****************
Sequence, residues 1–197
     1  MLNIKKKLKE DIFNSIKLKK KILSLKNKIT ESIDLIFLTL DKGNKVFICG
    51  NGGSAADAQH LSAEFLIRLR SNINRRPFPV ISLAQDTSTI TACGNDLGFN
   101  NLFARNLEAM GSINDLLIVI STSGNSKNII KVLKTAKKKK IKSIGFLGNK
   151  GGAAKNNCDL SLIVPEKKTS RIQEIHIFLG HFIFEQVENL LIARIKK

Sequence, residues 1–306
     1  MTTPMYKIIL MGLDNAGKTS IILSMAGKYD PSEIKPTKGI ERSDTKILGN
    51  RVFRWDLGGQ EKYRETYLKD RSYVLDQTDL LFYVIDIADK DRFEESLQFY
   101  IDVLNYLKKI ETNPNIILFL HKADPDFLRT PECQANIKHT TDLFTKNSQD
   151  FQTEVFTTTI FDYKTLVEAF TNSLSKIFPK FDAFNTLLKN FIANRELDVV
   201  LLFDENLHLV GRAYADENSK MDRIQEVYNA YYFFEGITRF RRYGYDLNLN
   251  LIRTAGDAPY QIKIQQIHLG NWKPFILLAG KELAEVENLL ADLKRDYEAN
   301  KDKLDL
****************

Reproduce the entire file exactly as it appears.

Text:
Sequence, residues 1–197
     1  MLNIKKKLKE DIFNSIKLKK KILSLKNKIT ESIDLIFLTL DKGNKVFICG
    51  NGGSAADAQH LSAEFLIRLR SNINRRPFPV ISLAQDTSTI TACGNDLGFN
   101  NLFARNLEAM GSINDLLIVI STSGNSKNII KVLKTAKKKK IKSIGFLGNK
   151  GGAAKNNCDL SLIVPEKKTS RIQEIHIFLG HFIFEQVENL LIARIKK

Sequence, residues 1–306
     1  MTTPMYKIIL MGLDNAGKTS IILSMAGKYD PSEIKPTKGI ERSDTKILGN
    51  RVFRWDLGGQ EKYRETYLKD RSYVLDQTDL LFYVIDIADK DRFEESLQFY
   101  IDVLNYLKKI ETNPNIILFL HKADPDFLRT PECQANIKHT TDLFTKNSQD
   151  FQTEVFTTTI FDYKTLVEAF TNSLSKIFPK FDAFNTLLKN FIANRELDVV
   201  LLFDENLHLV GRAYADENSK MDRIQEVYNA YYFFEGITRF RRYGYDLNLN
   251  LIRTAGDAPY QIKIQQIHLG NWKPFILLAG KELAEVENLL ADLKRDYEAN
   301  KDKLDL